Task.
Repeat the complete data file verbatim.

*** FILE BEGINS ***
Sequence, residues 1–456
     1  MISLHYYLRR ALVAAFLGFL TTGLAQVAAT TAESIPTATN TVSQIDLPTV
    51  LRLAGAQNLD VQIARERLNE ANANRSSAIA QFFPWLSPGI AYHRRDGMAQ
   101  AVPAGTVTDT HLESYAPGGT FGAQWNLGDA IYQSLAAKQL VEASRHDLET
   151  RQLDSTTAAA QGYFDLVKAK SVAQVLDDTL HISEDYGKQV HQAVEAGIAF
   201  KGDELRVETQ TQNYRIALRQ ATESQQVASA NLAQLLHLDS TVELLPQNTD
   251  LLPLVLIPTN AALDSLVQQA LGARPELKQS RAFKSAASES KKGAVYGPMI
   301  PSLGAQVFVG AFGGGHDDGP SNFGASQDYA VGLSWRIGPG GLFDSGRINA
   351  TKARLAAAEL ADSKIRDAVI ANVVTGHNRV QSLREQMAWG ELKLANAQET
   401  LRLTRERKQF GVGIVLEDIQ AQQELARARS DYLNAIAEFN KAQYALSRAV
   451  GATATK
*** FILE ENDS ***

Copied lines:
Sequence, residues 1–456
     1  MISLHYYLRR ALVAAFLGFL TTGLAQVAAT TAESIPTATN TVSQIDLPTV
    51  LRLAGAQNLD VQIARERLNE ANANRSSAIA QFFPWLSPGI AYHRRDGMAQ
   101  AVPAGTVTDT HLESYAPGGT FGAQWNLGDA IYQSLAAKQL VEASRHDLET
   151  RQLDSTTAAA QGYFDLVKAK SVAQVLDDTL HISEDYGKQV HQAVEAGIAF
   201  KGDELRVETQ TQNYRIALRQ ATESQQVASA NLAQLLHLDS TVELLPQNTD
   251  LLPLVLIPTN AALDSLVQQA LGARPELKQS RAFKSAASES KKGAVYGPMI
   301  PSLGAQVFVG AFGGGHDDGP SNFGASQDYA VGLSWRIGPG GLFDSGRINA
   351  TKARLAAAEL ADSKIRDAVI ANVVTGHNRV QSLREQMAWG ELKLANAQET
   401  LRLTRERKQF GVGIVLEDIQ AQQELARARS DYLNAIAEFN KAQYALSRAV
   451  GATATK